Atrial Fibrillation Ablation 
 
 
 
Atrial Fibrillation Ablation
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Approximately 2.5 million Americans experience atrial fibrillation each year. This common heart disorder occurs when electrical signals in the heart become irregular, causing the heart’s upper chamber to beat out of rhythm. Atrial fibrillation requires immediate medical attention because it could lead to a life-threatening stroke.

Atrial fibrillation may or may not cause symptoms. Some people with the disorder can have palpitations, chest pain, fatigue, shortness of breath, dizziness, or confusion. The condition is diagnosed through an electrocardiogram, which measures the heart’s electrical impulses.

In some cases, atrial fibrillation resolves on its own. Other times, an underlying condition such as an over-active thyroid, hypertension, diabetes, chronic lung disease, or heart valve disease must be treated.

Medications may be prescribed to prevent blood clots or control heart rate. Cardioversion, another treatment option, can be recommended to shock the heart back to a normal rhythm by delivering a jolt of electricity to the heart. However, if these efforts are not successful, doctors could recommend atrial fibrillation ablation.

Atrial fibrillation ablation involves threading a long, thin, flexible tube called a catheter into the heart through a blood vessel in the arm, upper thigh, or neck. Live X-ray images are used to carefully guide the catheter into the heart. Several flexible tubes with electrodes on the tips are run through the catheter and placed in different small blood vessels in the heart.

Sections of the heart are then mapped to locate abnormal tissue. Energy is applied to destroy targeted tissue that has been identified as causing the irregular heartbeat. Two types of energy that can be used in the procedure are radiofrequency to generate heat or liquid nitrogen to freeze the targeted area of the heart.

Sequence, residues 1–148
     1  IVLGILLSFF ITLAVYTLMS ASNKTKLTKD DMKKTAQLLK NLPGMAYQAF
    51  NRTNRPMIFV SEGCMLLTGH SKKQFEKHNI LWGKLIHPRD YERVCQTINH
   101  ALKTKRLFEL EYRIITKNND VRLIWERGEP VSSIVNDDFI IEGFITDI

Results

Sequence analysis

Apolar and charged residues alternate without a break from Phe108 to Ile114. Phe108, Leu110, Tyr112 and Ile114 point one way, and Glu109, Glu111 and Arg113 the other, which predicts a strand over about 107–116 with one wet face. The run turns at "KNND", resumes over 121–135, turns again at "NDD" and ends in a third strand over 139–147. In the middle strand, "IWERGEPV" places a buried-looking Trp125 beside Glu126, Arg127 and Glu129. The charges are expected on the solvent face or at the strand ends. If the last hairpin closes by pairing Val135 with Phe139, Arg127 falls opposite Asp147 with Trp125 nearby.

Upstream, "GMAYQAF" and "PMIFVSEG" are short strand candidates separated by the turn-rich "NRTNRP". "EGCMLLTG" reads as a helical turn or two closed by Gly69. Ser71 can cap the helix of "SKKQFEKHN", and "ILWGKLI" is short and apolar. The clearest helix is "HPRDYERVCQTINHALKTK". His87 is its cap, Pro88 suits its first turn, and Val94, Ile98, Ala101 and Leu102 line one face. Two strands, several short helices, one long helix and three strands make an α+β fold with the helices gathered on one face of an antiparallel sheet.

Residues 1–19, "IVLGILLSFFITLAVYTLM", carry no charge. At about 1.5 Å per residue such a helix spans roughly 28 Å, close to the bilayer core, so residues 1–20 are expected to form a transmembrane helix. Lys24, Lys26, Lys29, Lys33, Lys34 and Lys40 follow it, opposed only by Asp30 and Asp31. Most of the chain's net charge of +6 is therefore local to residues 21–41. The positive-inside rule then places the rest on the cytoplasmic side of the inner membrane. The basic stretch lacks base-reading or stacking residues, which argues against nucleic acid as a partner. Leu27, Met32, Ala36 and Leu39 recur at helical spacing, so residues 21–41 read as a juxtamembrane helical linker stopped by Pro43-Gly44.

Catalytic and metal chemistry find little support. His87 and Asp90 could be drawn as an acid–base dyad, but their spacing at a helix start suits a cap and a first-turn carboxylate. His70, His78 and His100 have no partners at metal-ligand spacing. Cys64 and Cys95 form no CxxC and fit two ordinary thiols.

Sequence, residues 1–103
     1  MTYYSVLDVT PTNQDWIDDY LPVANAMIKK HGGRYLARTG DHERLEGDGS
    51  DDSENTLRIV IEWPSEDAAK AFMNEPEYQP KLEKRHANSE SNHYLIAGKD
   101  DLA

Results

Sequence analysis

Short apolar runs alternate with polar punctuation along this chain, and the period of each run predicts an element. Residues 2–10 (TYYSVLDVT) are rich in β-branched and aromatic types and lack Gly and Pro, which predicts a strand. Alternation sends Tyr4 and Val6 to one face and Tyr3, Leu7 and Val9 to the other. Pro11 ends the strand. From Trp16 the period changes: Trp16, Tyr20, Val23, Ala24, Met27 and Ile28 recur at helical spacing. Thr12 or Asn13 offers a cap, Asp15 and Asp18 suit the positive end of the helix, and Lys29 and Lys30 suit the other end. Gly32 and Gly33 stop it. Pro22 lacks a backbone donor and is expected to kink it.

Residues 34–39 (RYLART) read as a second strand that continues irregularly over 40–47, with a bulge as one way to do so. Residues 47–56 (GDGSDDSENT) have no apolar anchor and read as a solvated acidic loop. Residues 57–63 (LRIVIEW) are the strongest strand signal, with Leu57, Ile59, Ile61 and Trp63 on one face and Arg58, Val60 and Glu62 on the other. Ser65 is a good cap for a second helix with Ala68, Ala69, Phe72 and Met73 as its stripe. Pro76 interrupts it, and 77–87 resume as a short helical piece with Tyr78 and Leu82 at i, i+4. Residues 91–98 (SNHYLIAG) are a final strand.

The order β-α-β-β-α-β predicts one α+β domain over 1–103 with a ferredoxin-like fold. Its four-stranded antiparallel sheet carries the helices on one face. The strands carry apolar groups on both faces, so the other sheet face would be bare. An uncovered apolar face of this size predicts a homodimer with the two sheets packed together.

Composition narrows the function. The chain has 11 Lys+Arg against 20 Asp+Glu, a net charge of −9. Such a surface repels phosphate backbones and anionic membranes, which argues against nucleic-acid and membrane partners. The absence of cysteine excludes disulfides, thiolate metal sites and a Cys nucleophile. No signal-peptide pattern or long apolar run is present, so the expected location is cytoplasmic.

The resulting scar line then acts as a barrier between affected tissue and the rest of the healthy heart, stopping abnormal electrical signals that cause an irregular heartbeat.

Patients may not eat or drink anything after midnight the night before going to the hospital. They are sedated during the procedure, but may still feel some lightheadedness, rapid heartbeat, burning when any medications are injected, or chest discomfort when energy is applied.

An atrial fibrillation ablation procedure can last anywhere from four to nine hours. Following the procedure, pressure is applied to the site where the catheter was inserted, and patients must lie still for four to six hours. Their heart rate is closely monitored during this time.

A chest X-ray, electrocardiogram, or transesophageal echocardiogram may be ordered to check the heart and prevent complications. Some patients are discharged the same day, while others need to stay in the hospital overnight. Most people resume normal activities in a few days.

Atrial fibrillation ablation may be a more effective treatment than medications. However, as with any procedure, there are risks associated with atrial fibrillation ablation. For more information about atrial fibrillation and different treatment options, talk with your doctor or visit the National Heart Lung and Blood Institute website at www.nhlbi.nih.gov.

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For a complimentary physician referral, call 1-866-358-4DOC for a specialist near you.